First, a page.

More On: Daniel Jones
Nice going, Daniel Jones. Now, never do that again.
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Nice going, Daniel Jones.
Now, never do that again.
Jones sticking his nose in amid a wild melee, winding up at the bottom of a very large pile of very large and overheated men shows the quarterback of the Giants has some guts.
“I’m part of the team,’’ Jones said Tuesday after, as they say, cooler heads prevailed. “Part of the team and part of the offense and we’re competing, so I don’t see myself separated from that.”
Whoa now, young fella. You are separated from that. Training camp fisticuffs are for meaty linemen and scrappy defensive backs swatting at lithe wide receivers. Jones, at 6-foot-5 and 220 pounds, is a good-sized dude. But at the bottom of a pile, with angry teammates yanking and pulling and stomping and shoving, a shoulder can get strained or a finger on a throwing hand can get sprained. Jones wears a “do-not-touch’’ red jersey on the practice field, but underneath all that humanity, all caution flags are null and void. It is every man for himself, and that man should not be the starting quarterback.
Near the end of the first full-padded practice of camp, safety Xavier McKinney hit running back Corey Clement too hard — defenders are supposed to “thud’’ the ball-carrier, not level him — sending Clement to the grass. Tight end Evan Engram did not appreciate this over-aggressiveness by the defense and shoved safety Jabrill Peppers to the ground. Safety Logan Ryan, witnessing all this, came up behind Engram and shoved him down. That is when players of all shapes and sizes joined in. Jones tried to play peacemaker and ended up with tons of pounds of Giants on top of him.
“Goll-lee. I love it,” Clement said. “At the same time, we don’t want to get our quarterback hurt. Pretty sure Daniel knows that as well. I hope he thinks twice before jumping back in there again.”
Did this earn Jones some added respect?
“Yeah, s–t,” Clement said. “That’s what you want to see.’’
Camp fireworks are a tale as old as time. But it was a bad look for Ryan to shove a teammate in the back. He is a team leader. Engram did not need to exacerbate the situation. He is one of the longest-tenured Giants. These were not long-shot rookies desperate to make a name for themselves. These are players head coach Joe Judge must lean on, a reason Judge was particularly incensed and demanded the entire team run the length of the field, up and back, drop down for push-ups, then run the field, again, spewing F-bomb after F-bomb while breaking several grammatical rules.
“It was a lot,’’ Ryan said. “I’m happy my kids weren’t at this practice.’’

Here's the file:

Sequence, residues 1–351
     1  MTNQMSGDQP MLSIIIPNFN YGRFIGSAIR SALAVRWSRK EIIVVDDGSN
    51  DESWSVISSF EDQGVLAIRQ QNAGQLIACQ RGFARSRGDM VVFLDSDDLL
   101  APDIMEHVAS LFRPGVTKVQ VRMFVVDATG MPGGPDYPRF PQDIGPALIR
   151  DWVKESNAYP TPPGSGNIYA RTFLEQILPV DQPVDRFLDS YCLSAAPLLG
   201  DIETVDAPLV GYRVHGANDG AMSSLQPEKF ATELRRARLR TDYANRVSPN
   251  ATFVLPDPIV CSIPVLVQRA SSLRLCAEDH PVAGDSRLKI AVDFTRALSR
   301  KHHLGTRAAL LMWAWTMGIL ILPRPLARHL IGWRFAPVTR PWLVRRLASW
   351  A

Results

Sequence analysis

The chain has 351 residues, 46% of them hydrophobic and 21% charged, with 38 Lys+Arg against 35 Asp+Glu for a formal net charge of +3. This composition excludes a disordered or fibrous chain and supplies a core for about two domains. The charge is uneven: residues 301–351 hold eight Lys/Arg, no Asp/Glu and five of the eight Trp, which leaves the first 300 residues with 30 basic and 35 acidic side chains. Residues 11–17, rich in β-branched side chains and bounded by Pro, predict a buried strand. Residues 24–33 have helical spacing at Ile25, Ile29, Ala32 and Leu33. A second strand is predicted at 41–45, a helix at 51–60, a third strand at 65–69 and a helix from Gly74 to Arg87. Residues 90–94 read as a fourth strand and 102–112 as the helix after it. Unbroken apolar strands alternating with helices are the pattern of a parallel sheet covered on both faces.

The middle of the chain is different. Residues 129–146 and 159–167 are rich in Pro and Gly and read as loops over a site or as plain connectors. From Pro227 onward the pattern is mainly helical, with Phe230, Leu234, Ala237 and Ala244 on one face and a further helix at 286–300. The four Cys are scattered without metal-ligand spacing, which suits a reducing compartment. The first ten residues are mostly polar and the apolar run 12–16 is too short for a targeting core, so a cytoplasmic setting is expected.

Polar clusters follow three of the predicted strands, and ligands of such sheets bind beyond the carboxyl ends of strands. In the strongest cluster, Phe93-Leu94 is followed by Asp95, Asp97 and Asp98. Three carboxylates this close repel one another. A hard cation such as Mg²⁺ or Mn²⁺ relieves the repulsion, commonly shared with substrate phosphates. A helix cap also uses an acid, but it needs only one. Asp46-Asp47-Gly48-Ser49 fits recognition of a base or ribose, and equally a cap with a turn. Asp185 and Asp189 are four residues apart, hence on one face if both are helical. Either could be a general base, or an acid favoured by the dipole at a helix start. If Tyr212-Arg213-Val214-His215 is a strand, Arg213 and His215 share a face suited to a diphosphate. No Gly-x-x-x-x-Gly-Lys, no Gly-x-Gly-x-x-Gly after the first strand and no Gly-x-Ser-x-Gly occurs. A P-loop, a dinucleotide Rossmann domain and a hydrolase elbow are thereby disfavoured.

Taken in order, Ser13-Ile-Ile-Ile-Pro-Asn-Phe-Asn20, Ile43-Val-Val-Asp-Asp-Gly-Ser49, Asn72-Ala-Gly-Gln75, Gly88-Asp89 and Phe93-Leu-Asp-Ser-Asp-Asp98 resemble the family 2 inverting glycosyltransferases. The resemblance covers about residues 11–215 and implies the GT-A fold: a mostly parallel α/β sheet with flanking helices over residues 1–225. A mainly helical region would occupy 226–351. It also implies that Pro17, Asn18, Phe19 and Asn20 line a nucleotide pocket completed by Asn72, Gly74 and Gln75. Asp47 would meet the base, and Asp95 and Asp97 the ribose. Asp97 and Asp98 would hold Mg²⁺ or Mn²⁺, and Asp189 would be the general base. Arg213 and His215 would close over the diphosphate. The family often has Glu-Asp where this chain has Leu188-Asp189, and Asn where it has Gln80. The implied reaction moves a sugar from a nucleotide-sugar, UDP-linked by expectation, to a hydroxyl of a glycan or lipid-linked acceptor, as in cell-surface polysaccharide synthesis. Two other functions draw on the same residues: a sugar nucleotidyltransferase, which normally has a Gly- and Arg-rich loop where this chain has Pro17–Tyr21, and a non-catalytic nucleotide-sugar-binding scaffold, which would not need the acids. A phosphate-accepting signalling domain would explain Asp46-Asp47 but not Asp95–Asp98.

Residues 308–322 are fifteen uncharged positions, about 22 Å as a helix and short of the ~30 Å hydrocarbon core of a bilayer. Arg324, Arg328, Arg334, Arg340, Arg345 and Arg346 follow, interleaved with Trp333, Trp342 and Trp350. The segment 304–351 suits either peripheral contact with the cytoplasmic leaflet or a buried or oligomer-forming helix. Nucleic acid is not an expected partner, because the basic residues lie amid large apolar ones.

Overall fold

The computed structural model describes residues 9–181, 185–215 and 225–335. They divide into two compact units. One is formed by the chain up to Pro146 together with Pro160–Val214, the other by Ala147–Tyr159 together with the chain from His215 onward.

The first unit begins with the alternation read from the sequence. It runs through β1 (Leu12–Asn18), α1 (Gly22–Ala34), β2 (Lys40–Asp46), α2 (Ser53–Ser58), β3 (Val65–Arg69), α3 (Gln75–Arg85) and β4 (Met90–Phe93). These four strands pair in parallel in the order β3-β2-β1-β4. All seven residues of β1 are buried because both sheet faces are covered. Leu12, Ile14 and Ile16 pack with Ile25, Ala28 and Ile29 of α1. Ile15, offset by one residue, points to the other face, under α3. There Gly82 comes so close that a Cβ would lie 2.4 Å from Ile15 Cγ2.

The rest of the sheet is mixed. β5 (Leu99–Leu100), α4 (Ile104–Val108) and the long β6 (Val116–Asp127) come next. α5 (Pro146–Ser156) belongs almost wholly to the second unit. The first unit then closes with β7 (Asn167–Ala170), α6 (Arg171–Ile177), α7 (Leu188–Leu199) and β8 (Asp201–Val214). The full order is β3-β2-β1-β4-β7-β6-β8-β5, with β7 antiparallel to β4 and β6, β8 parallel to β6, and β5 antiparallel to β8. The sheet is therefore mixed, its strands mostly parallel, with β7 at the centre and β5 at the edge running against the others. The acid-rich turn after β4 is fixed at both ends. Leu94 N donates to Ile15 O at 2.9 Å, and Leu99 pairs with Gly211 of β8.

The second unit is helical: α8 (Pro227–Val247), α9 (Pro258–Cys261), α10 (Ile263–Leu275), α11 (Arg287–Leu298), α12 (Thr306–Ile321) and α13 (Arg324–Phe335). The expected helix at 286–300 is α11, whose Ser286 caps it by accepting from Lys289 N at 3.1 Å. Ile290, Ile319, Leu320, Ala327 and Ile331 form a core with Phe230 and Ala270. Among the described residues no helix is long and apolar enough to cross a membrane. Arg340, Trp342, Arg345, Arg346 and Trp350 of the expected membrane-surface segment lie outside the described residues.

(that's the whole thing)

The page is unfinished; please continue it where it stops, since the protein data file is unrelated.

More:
Judge’s family was at this practice, and he greeted them after calming down, another day at the office.
Jones needs to learn from this. Eli Manning would have jumped into the middle of a karaoke set before he would have dove into a fracas in progress. He never missed a game, but he wasn’t going to risk getting bulldozed on a practice field in the summer.
“No, he was never in the pile,’’ Rich Seubert, a former Giants offensive lineman and Manning protector, told The Post. “I was usually at the bottom of the pile. I never noticed where Eli was.’’
Seubert, undrafted, undersized and largely unnoticed as a rookie in 2001, made the final roster, went on to start every game for the 2007 Super Bowl team and became one of the franchise’s legendary training camp brawlers. If there was a scrap, No. 69 was most likely the igniter.
“Keith Hamilton taught me how to fight in practice when I was a rookie and in the locker room he would tap me on the ass and say ‘Good job, rook,’’’ Seubert said.
Clement said it was “back to laughing and jokes’’ in the locker room immediately after the brawling. Seubert recalled “It never carried over — you’d sit down and have lunch with the guy you were trying to beat the s–t out of in practice.’’ He figures Jones gained some street cred from all this.
“Eli was tough too, but we never let Eli get in that situation,’’ Seubert said. “I’m sure the O-line is laughing and busting [Jones’] chops and I’m sure Daniel was told he better not ever end up at the bottom of the pile again.’’
Jones said the lesson learned is that “We’ve got to control our energy and our enthusiasm and wanting to compete.’’ He surmised “It’d probably be pretty surprising’’ if, after seeing Judge’s disgust, that such antics happen again.
There will be fights and altercations to come. When they arise, Daniel Jones should remain on the outskirts of the action. The Giants need him upright.
This story originally appeared on: NyPost - Author:Paul Schwartz